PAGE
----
Dr. Fortney was trained as a geographer, with an emphasis on spatial economics and econometrics. As a post doctoral fellow, he became the second geographer ever to receive research funding from NIMH. Throughout his career, Dr. Fortney’s research has focused on identifying and overcoming barriers to mental health care for rural populations. Dr. Fortney has used geographic information systems (GIS) to measure travel times to services and to determine the impact of geographical accessibility on utilization and quality. He has also evaluated the impact of opening new VA Community Based Outpatient Clinics in rural areas on veterans’ access and service utilization. More recently, Dr. Fortney has begun developing and disseminating telemedicine-based interventions to improve care for rural primary care patients. Specifically, Dr. Fortney has been using telemedicine technologies (telephones, interactive video, electronic medical records, web-based decision support systems) to help provide team-based collaborative care within a virtual clinical environment, where patients, physicians, therapists, and care mangers are separated from one another by distance.
Amritha Bhat, MBBS, MD, MPH is a psychiatrist trained in both India and the United States. Dr. Bhat is currently an assistant professor in the University of Washington Department of Psychiatry and Behavioral Sciences. Dr. Bhat completed the UW Psychiatry-Primary Care Fellowship Training Program and earned her Master of Public Health through the UW School of Public Health. She established the perinatal psychiatry clinic at the University of Washington Medical Center and has also implemented screening for depression in mothers whose babies are admitted to the neonatal intensive care unit. In addition, Dr. Bhat is actively involved in projects that make collaborative care for depression available to women during pregnancy and postpartum.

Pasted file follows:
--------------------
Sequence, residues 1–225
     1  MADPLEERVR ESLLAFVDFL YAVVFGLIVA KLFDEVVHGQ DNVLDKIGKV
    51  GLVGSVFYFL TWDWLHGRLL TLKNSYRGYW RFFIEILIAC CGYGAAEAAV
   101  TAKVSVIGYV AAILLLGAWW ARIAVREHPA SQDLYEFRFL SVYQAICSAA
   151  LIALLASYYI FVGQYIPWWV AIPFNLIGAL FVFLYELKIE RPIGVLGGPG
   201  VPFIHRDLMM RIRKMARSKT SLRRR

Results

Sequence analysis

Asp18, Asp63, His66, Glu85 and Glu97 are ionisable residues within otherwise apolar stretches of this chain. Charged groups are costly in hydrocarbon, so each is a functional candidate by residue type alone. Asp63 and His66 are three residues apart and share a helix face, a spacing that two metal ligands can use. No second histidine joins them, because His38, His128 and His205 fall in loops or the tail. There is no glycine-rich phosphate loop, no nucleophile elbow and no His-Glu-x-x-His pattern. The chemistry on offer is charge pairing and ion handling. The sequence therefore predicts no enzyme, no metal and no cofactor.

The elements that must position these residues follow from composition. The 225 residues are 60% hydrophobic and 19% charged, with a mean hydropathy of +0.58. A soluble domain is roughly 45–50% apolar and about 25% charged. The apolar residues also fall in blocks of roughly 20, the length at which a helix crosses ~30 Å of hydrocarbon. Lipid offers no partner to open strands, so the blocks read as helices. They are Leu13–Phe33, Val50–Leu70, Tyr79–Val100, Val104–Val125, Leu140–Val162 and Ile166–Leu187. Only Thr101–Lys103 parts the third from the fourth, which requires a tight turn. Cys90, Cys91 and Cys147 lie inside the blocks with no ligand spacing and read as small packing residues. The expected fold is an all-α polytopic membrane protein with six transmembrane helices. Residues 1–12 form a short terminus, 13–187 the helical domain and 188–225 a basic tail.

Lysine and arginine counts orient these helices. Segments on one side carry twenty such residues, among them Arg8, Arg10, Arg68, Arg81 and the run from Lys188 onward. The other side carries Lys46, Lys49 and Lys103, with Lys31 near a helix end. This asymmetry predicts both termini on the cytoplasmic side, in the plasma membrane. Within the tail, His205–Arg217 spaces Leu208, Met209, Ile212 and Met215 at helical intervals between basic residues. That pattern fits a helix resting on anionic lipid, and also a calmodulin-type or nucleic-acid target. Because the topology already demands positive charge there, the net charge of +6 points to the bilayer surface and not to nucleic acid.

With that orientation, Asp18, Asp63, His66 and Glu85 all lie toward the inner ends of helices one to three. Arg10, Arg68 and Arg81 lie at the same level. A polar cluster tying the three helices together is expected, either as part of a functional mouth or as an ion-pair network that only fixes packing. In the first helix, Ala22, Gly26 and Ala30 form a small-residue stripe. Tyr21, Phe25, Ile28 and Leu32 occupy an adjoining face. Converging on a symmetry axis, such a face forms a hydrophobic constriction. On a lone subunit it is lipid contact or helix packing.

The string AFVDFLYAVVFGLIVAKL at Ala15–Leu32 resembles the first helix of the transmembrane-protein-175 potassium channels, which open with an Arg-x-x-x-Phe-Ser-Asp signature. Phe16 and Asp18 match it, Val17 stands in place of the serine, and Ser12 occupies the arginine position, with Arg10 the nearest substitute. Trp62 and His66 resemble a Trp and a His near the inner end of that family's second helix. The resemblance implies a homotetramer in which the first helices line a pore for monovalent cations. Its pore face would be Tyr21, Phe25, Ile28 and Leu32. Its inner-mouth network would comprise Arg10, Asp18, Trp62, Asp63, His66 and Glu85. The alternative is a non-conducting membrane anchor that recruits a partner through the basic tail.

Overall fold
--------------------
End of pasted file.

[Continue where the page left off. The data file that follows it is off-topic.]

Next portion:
Dr. Fann is a Professor in the Department of Psychiatry and Behavioral Sciences and Adjunct Professor in the Departments of Rehabilitation Medicine and Epidemiology at the University of Washington. Dr. Fann received his BS in Electrical Engineering from Stanford University, his MD from Northwestern University, and his MPH in Epidemiology from the University of Washington. He completed his residency and research fellowship training at the University of Washington, where he was Chief Resident at the UW Medical Center.
Dr. Fann is Director of Psychiatry and Psychology Services at the Seattle Cancer Care Alliance (SCCA) and Affiliate Investigator at Fred Hutchinson Cancer Research Center. At the SCCA (a consortium of UW Medicine, Fred Hutchinson Cancer Care Alliance and Seattle Children’s), he developed and directs the multidisciplinary Integrated Psychosocial Oncology Program, which uses collaborative care to provide comprehensive, population-based psychosocial care that is seamlessly integrated into routine cancer care.
Dr. Fann’s research interests focus on developing cost-effective strategies to manage psychiatric issues in patients with cancer and neurological conditions, such as traumatic brain and spinal cord injury. His research has been funded by the National Institutes of Health, Centers for Disease Control and Prevention, American Cancer Society, and Department of Education.
Ian M. Bennett, M.D., Ph.D., is a family physician providing broad spectrum primary care with a particular focus on reproductive health, including obstetrics and family planning services. He provides broad contraceptive care including vasectomy. He is a professor in the departments of family medicine, psychiatry and behavioral sciences, and adjunct professor of global health. Dr. Bennett’s clinical interests include maternal and child health care, general primary care, obstetrics, family planning services, mental health, adolescent health, infant care and the health care of children. Dr. Bennett brings together a whole family and whole life approach providing pediatric, adolescent, and general adult health care. As part of his work in perinatal care, he also has expertise in depression in the pregnancy and postpartum periods.